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Featuring work by Cindy Sherman, David Bailey, Robert Frank, Elliott Erwitt, Irving Penn and more, the exhibition digs deep into the treasures of Antoine de Beaupré’s 15,000-strong record collection
Antoine de Beaupré’s fascination with records began almost four decades ago. Pre-digital; pre-streaming; a time when consuming music was less instant. Rather than sifting through a nebulous, never-ending digital library, the curator and collector relishes in the physical ritual of visiting his local record store in Paris – one that served as a bridge between his European hometown and stateside subcultures.
“In the mid 1980s in Paris there was a record shop that was selling imports from the US,” he explains. “At the time, it was the only place where you could find the newest [genre of] music: hip hop. I was going once a week to buy an album I could afford.”
Now, the curator is presenting 200 iconic covers out of his 15,000-strong record collection at The Photographers’ Gallery. For the Record: Photography & the Art of the Album Cover traces the cultural importance of album art, repositioning these artefacts of pop culture within the gallery space. The show features work by a staggering line-up of artists, spotlighting covers such as Miles Davis’ Tutu by Irving Penn, Serge Gainsbourg’s Love on the Beat by William Klein, and Grace Jones’ Island Life by Jean-Paul Goude.
The show places a renewed emphasis upon the image-makers behind the aesthetic of these iconic albums, showing work by world-famous artists including Andy Warhol, Cindy Sherman, David Bailey, Robert Frank and Juergen Teller.
“This cultural item is primarily musical but also political: accessible to most people and easy to share”
For de Beaupré, it is the accessibility of album art that has established its cultural importance, and this focus is at the heart of the exhibition. “For the Record is certainly a pioneer in [exhibiting album art] especially when very popular records are exhibited” he says. “Across the world, billions [of LPs] were produced, and its story is still developing. This cultural item is primarily musical but also political: accessible to most people and easy to share.”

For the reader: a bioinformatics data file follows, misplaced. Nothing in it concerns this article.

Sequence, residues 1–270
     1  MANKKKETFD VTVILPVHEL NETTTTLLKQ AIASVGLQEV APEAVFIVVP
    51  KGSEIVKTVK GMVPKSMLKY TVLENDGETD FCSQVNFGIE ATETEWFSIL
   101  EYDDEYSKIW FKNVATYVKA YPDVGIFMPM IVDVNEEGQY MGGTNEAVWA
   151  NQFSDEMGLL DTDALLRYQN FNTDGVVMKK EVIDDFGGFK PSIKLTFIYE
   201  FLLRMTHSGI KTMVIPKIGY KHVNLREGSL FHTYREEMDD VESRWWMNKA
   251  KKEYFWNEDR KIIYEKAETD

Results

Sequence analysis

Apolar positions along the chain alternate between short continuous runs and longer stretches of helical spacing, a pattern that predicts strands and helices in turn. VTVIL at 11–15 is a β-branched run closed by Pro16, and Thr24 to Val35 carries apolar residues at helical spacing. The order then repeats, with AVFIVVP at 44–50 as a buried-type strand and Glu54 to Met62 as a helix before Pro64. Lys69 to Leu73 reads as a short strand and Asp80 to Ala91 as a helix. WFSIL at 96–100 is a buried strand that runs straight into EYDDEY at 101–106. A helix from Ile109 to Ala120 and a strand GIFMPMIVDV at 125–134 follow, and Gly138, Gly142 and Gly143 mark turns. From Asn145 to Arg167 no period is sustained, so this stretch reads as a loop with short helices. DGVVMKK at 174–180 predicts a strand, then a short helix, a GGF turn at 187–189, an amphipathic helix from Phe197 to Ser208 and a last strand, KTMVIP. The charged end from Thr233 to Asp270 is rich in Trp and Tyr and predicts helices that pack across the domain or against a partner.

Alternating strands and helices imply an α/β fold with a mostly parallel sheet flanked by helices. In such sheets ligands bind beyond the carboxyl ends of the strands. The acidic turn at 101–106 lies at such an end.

The curator also points out that many photographers launched their careers through working in the music industry. Lee Friedlander – known for his black and white photography of urban scenes – began his career making album art for musicians like Ray Charles, John Coltrane, and Miles Davis.
“Before Friedlander became an ‘artistic’ photographer in the early 70s, he was employed by Atlantic Records,” explains de Beaupré. “You can tell Friedlander was very well integrated in the innovative world of jazz and soul music. The work speaks for itself.”
Even today, in a world of personalised Spotify playlists and made-for-consumption music, de Beaupré insists that album covers retain a cultural importance. They represent the symbiotic relationship between visual and musical artists, wordlessly announcing the identity of an album before anyone has pressed play.
“The cover is the very first contact you have with an album, even before you listen to the music,” he says. “You need to think about the cover when you are releasing an album and this has always been a fact – to me, digital culture hasn’t got an impact on that.”
For the Record: Photography & the Art of the Album Cover will be on display at The Photographers’ Gallery, London until 12 June 2022.